I request sunny on the OP's behalf to unaccept the answers of this question as well as the other question:

http://oldlook.experts-exchange.com:8080/Programming/Programming_Languages/C/Q_20957942.html
0
 
LVL 45

Expert Comment

by:sunnycoder
Comment Utility
ankur,

I would be happy to open both the questions if redsar shows some interest.
0

Featured Post

Maximize Your Threat Intelligence Reporting

Reporting is one of the most important and least talked about aspects of a world-class threat intelligence program. Here’s how to do it right.

Join & Write a Comment

Have you thought about creating an iPhone application (app), but didn't even know where to get started? Here's how: ~ ~ ~ ~ ~ ~ ~ ~ ~ ~ ~ ~ ~ ~ ~ ~ ~ ~ ~ ~ ~ ~ ~ ~ ~ ~ ~ ~ ~ ~ ~ ~ ~ ~ ~ ~ ~ ~ Important pre-programming comments: I’ve never tri…
An Outlet in Cocoa is a persistent reference to a GUI control; it connects a property (a variable) to a control.  For example, it is common to create an Outlet for the text field GUI control and change the text that appears in this field via that Ou…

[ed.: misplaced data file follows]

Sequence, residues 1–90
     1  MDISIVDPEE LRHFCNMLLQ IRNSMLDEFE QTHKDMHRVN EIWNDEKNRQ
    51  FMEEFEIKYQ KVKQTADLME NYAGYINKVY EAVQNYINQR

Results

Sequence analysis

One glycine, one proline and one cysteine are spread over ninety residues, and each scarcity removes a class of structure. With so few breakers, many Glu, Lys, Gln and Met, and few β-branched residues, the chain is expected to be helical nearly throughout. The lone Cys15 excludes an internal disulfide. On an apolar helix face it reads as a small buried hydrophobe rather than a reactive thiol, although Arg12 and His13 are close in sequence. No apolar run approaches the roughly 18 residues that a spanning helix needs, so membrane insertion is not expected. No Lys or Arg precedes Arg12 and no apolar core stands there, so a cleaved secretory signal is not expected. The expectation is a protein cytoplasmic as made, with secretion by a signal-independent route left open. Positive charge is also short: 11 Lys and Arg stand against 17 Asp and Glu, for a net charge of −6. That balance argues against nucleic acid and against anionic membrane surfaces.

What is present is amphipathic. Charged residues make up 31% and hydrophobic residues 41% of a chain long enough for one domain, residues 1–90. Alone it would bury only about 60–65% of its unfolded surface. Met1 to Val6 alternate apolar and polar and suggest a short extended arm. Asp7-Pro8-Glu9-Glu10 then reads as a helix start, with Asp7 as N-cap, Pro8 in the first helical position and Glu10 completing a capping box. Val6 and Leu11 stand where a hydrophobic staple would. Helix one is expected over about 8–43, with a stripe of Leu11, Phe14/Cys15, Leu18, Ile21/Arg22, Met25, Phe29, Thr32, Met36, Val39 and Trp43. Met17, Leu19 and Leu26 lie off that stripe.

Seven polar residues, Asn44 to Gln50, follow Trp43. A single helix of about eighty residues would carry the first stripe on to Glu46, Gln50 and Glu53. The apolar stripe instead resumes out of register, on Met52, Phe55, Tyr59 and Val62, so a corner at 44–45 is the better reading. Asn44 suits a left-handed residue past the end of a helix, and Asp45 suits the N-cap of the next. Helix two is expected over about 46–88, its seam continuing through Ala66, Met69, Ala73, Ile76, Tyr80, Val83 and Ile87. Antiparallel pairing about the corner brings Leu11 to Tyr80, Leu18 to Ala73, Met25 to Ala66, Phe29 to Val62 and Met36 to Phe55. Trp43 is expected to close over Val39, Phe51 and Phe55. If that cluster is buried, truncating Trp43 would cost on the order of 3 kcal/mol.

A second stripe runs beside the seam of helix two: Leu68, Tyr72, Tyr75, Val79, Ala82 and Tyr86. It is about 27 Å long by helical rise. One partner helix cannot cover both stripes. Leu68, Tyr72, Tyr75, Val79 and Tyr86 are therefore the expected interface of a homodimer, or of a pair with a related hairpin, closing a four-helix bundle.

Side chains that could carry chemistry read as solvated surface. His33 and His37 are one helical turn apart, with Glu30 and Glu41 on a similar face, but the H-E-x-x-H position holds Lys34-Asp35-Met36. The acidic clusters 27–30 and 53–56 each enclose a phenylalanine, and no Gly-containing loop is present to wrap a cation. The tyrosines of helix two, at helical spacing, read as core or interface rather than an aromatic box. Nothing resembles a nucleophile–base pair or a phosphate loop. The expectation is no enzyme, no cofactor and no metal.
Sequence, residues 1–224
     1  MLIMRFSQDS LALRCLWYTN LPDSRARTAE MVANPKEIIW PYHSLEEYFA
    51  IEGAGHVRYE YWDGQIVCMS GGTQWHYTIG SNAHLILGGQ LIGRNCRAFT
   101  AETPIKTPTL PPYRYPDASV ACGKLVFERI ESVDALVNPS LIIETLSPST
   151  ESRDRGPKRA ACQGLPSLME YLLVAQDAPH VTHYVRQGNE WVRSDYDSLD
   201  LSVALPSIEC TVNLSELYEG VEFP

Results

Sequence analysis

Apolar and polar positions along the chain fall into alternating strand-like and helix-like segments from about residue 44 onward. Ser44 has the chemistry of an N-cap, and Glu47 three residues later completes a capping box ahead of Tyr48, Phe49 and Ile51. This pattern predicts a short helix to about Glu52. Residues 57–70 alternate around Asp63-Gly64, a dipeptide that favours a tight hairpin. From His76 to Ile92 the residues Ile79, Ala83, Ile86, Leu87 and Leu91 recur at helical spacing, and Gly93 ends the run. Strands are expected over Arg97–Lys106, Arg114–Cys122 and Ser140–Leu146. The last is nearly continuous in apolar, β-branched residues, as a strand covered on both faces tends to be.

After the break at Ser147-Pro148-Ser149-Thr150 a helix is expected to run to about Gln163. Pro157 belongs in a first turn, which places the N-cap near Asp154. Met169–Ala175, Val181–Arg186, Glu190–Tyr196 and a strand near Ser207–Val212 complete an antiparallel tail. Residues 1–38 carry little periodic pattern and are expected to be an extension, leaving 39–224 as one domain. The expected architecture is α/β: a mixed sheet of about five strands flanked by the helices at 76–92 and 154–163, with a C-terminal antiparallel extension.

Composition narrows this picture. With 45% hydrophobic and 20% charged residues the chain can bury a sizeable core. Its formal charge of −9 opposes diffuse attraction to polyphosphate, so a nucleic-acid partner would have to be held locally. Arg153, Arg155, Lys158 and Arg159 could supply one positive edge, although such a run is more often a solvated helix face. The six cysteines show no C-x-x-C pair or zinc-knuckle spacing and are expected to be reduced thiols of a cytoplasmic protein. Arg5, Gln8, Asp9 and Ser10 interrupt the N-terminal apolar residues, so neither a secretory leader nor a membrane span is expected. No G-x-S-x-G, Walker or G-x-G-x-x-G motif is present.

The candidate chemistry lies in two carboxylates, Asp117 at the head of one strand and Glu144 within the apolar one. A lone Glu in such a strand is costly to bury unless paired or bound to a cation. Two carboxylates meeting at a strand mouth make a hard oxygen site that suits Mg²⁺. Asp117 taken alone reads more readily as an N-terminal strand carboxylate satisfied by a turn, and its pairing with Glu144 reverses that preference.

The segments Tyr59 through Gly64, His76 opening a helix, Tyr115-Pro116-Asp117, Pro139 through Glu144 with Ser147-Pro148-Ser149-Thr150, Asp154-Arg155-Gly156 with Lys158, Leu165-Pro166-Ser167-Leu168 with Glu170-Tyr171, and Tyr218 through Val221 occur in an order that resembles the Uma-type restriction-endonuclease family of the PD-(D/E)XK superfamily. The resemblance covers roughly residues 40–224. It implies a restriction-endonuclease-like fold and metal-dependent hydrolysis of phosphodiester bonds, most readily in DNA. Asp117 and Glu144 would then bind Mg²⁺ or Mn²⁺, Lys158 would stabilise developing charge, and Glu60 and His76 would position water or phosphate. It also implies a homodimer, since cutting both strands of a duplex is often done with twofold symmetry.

Video by: Grant
The goal of this video is to provide viewers with basic examples to understand and use nested-loops in the C programming language.
The goal of this video is to provide viewers with basic examples to understand and use conditional statements in the C programming language.

772 members asked questions and received personalized solutions in the past 7 days.

Join the community of 500,000 technology professionals and ask your questions.

Join & Ask a Question

Need Help in Real-Time?

Connect with top rated Experts

9 Experts available now in Live!

Get 1:1 Help Now